Or consider the need for cultural advancement through tax-supported arts, theater and music. It’s a good demonstration of interventionists trying to create a problem out of a solution. Nothing has advanced the arts and broadened their availability more than private enterprise.
A television production is seen at once by more millions than the combined total of all people who witnessed live stage productions over the past 400 years.5 Movies have displayed classic productions and performances all around the world. The greatest singers, operas and symphonic orchestras can be heard with technical perfection right in your home, inexpensively and as frequently as you like, via recordings as well as radio and television. Masterpieces of art formerly known and enjoyed by only a few are available to everyone through copies, prints and books with even the originals seen by millions.
The creative arts are practiced and enjoyed by more people than ever before through the availability of materials, instruction and improved technologies. And leisure time to pursue them is afforded by our incomparable productivity.
Through our communications and distribution channels, artists become famous faster—even before they die. Never before in history has there been anything comparable to our vast market for talent of all kinds. Television, with its voracious appetite for entertainment, suffers only from a lack of talent, certainly not an underexposed overabundance of it. You have only to look at your set on any night to see what unlimited opportunity there is for improvement. In publishing, despite inflationary pressures by government, people are finding themselves in print who never would have been published in a society of less abundance.
Every field of art is the same: never before such unlimited opportunity! Even the perennial "struggling artists" eat better and live better during their developing prefame years than any who were supported by kings and wealthy art patrons because they have the benefits of competition through which they can support themselves even on part-time earnings, feeding and clothing themselves at the lowest possible cost.
Artists needed favors in medieval times. Who didn’t! Today everyone has already been favored by the extended, extending and always more and more extendable benefits of the American way of life . . . the free economy.
How can such foolishness as government support of the arts even get a hearing? It probably must be attributed to the numbness of mind that sets in when "others" assume responsibilities and "others" are to foot the bill.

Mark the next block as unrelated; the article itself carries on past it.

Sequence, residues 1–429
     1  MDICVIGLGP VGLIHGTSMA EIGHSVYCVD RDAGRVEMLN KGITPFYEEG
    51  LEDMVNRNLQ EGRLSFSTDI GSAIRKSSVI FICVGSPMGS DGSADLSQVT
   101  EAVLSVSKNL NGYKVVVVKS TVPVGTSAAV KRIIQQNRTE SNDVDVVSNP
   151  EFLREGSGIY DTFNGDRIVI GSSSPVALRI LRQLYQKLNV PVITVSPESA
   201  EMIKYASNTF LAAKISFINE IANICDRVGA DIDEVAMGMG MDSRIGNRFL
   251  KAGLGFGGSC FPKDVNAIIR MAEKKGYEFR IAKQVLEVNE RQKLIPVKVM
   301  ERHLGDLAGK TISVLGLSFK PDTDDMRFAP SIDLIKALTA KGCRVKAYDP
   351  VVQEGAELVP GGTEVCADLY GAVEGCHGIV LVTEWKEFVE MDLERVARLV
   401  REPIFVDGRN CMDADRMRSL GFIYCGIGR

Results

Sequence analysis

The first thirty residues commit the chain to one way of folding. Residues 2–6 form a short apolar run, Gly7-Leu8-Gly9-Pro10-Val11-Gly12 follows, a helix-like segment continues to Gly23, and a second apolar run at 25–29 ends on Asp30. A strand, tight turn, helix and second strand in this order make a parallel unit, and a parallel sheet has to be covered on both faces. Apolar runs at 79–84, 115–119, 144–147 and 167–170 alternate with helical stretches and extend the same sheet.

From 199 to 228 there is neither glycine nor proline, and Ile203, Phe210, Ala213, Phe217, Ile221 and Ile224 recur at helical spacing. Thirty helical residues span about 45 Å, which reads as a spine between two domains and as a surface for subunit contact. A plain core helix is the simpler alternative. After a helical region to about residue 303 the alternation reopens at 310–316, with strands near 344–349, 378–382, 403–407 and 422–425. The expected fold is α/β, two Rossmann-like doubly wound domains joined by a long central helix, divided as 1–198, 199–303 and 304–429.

Accomplishing the Impossible
Our problems are simply so small we can’t see them, and besides, we’ve turned our eyes over to others. But they are no better than we are. Imagine someone paid to lift a fork to your mouth. It would be done much more clumsily and messily than if you did it yourself, but since you need to eat, the feeder could extort a lot of money from you for the service. The solution: pick up the fork!
My mother thinks one of the biggest problems in the world is folding fitted sheets. She thinks I’m a whiz at it. When she sees my car coming down the street she runs for the washer so the sheets will be ready for me to fold. One wallows in the admiration of even so humble an accomplishment, so I was folding away one day, thinking I might start a fitted-sheet-folding business ("I fold the sheets that give you fits.") when I looked up and saw my mother’s lip curl in revulsion as she saw what I was doing. "Ugh! It’s always so neat looking, I thought you had it neat inside too!" But, of course, there’s no way to make roundness square or to take stitched-in puckers out of shirred, stretch corners. The wrinkles are concealed, not eliminated. You can’t change what is natural. You accommodate it.
Similarly, the highly polished wood of all bureaucrat’s neat, flush doors are simply closed on problems that can’t be solved. Meanwhile, outside, people think the impossible is being accomplished and problems that can’t be solved politically are somehow, miraculously finding solutions!
Bureaus and laws are the rugs we’re sweeping all our dirty problems under. The way to rid ourselves of problems is not to hide them. We should open every problem& to the light of the free market and then watch that problem disappear . . . easily, quickly, efficiently.
No problem is too small for the free market to solve. And small, solved problems can’t grow into insoluble national crises.
1Successful Management of New Products by John T. Gerlach and Charles A. Wainwright (
3Nor should we omit the efforts of the Environmental Protection Agencies which often negate the energies of public and private agencies, the most recent example being in Seabrook, New Hampshire where an EPA reversal of approval for a nuclear power plant may result in an unusable $2 billion facility.
4See Weyerhaeuser High Yield Forestry/Growing Trees for Your Future printed by Weyerhaeuser Company,
5From the television special: "The First Fifty Years."
6The natural exception is the prevention of crime and protection of property, Constitutionally reserved as the only proper area for law-enforcement activity.